In examining the types of crimes offenders were involved in, all criminal incidents within the city of Montreal from 2005 to 2009 were classified into seven crime types: violent crimes, crimes against property, fraud, market-drug possession, market-drug supply, market-other, and all others. To classify a criminal incident into a crime type, the most serious, and often first offence listed within each criminal incident dictated which crime type that criminal incident was categorized into. Overall, there were 385 unique offences listed in the Module d'information policière (MIP) data. Table 2 shows the number of different offences classified in each category. Of the 385 offences, 17 percent of offences were classified as violent crimes, 11 percent of offences were classified as crimes against property, 19 percent of offences were fraud related offences, 22 percent of offences were market offences (2% drug possession; 9% drug supply; 11% other) followed by all other offences (44%). Whereas six of the seven crime types were based on relatively traditional classifications, the "all others" category comprises more general offences such as disturbing the peace, indecent action, etc. Additionally, the category comprises offences that were in violation of liquor laws, and municipal and provincial offences. Offences that make up the "all others" category were generally non-serious offences.
|Number of different offences (n=385)||Percent|
|Crimes against property||44||11.4|
|Market - drug possession||8||2.1|
|Market - drug supply||36||9.4|
|Market - other||41||10.6|
Law Enforcement Interviews and Estimates of Police Costs
A total of 17 interviews with law enforcement officials, comprising police officers, crime analysts, and operating management staff in Quebec (n=9, all from the Service de Police de la Ville de Montréal - SPVM) and British Columbia (n=8) were conducted. Participants consisted of law enforcement officials operating within specialized units, including gangs, organized crime, fraud, homicides, morality, and narcotics. To examine the management of organized crime cases across police agencies, interviews comprised a series of open-ended questions broadly covering four key themes: 1) the identification of cases involving criminal organizations; 2) estimates of the frequency of organized crime-related offences; 3) the relative complexity of these cases in comparison to others; and 4) the resources required to respond to organized crime-related cases (see Appendix A for the full interview guide). The primary objective was to compare and contrast the management of cases labelled by law enforcement as "organized crime" to other cases. The analysis focused on the relative complexity, length, and resources allocated to such crimes. The secondary objective was to obtain insight into the finances and allocation of resources to organized crime-affiliated incidents within police agencies. For instance, one question inquired upon the amount of human and financial resources that were dedicated to dealing with issues pertaining to organized crime within the agency. Combining police interviews with existing data supplements the incident-based data obtained from the MIP, providing a practical perspective on how incidents related to organized crime are classified and treated.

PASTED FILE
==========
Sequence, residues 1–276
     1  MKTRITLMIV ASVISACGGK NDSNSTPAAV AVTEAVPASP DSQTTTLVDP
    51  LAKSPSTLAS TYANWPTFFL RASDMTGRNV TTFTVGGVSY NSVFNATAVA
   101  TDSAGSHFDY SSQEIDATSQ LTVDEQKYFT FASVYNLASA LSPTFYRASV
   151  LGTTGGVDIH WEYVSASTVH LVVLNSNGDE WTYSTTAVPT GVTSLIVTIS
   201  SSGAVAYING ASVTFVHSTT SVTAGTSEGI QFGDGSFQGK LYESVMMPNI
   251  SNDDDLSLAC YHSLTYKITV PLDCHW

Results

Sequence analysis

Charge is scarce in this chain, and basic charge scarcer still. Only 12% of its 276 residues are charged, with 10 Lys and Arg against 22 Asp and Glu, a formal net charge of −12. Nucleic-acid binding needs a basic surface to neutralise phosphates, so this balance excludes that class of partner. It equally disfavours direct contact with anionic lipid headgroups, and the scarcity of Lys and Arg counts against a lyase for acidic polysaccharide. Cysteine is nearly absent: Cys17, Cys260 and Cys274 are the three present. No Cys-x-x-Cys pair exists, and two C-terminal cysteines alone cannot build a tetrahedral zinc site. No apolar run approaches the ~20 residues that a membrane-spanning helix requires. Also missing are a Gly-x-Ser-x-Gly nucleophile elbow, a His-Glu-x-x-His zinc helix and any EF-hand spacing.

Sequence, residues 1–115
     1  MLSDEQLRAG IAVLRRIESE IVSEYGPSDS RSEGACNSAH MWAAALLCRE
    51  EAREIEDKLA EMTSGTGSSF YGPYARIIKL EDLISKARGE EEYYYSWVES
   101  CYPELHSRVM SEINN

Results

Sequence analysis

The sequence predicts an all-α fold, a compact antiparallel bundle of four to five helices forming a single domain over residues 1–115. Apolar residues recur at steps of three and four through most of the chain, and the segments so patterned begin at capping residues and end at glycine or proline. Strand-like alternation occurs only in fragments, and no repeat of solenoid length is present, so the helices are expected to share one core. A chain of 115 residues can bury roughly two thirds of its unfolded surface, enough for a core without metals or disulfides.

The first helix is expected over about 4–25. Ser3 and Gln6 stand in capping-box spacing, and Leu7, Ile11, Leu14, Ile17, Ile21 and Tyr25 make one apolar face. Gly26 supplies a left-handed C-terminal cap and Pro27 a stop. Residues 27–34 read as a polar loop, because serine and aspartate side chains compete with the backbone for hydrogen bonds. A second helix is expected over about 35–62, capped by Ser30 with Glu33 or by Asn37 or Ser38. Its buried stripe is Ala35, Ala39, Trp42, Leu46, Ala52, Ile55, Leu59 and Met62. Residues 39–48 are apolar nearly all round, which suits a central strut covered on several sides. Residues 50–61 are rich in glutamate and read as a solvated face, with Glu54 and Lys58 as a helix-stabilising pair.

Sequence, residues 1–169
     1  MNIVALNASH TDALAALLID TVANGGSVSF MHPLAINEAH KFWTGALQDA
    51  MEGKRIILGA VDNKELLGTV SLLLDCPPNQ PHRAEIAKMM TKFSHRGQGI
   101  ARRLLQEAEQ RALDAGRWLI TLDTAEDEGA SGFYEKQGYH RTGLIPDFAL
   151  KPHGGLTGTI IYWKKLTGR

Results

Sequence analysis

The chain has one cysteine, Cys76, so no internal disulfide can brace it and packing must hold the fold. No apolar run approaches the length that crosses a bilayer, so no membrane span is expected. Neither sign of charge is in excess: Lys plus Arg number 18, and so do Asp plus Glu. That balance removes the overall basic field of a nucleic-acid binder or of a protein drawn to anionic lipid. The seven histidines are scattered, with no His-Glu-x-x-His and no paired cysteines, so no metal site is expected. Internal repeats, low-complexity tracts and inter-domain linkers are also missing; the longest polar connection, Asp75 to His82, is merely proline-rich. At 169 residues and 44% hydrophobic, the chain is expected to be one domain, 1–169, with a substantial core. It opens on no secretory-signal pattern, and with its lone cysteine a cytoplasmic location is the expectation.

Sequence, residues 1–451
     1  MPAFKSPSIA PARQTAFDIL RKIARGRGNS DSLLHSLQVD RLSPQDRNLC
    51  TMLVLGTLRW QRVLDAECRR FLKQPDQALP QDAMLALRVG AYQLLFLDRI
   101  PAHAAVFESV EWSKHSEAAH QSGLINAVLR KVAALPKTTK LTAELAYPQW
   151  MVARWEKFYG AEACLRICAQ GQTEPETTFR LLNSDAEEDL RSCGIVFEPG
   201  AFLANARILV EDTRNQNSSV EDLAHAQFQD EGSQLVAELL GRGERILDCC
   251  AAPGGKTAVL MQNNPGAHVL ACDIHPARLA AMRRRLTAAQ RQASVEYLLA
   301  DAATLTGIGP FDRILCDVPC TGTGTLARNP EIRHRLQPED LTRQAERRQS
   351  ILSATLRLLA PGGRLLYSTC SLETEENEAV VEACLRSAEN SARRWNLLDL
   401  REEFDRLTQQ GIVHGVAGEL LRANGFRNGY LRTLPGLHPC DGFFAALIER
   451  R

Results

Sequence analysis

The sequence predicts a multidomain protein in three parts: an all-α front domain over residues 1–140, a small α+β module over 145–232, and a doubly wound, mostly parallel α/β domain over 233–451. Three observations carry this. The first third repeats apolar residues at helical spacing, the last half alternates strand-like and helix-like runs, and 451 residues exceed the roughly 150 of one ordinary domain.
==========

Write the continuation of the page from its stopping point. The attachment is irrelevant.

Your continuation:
Each interview was conducted within the police agency and lasted between 45 minutes and two hours. To ensure confidentiality, all law enforcement officials and identities of their respective departments, with the exception of SPVM, were anonymized. The 17 respondents consisted of personnel varying in experience, time at the force, and roles. Representing a broad range of participants, the nine law enforcement officials interviewed from the SPVM consisted of individuals specializing not only in organized crime and gang units, but also in homicide, fraud, morality and narcotics. The breadth of units provided a means to assess the degree to which both organized crime specific units and non-organized crime units treated cases affiliated with criminal organizations. All respondents in Montreal were law enforcement officers, occupying positions ranging from Investigators to Lieutenants. On average, respondents had 21 years of experience as police officers and approximately five years within their current specialized units (see Table 3 for a description of the sample). Given that the distribution of the budget within police departments across units is not publicly disclosed, interviews in Quebec provided a means to assess how OC incidents were prioritized within the department and the degree to which resources were dedicated to these organized crime-affiliated incidents. Thus, while published reports provided information on the total resources within a department, interviews provided insight into parameters associated with the allocation of these resources towards organized crime.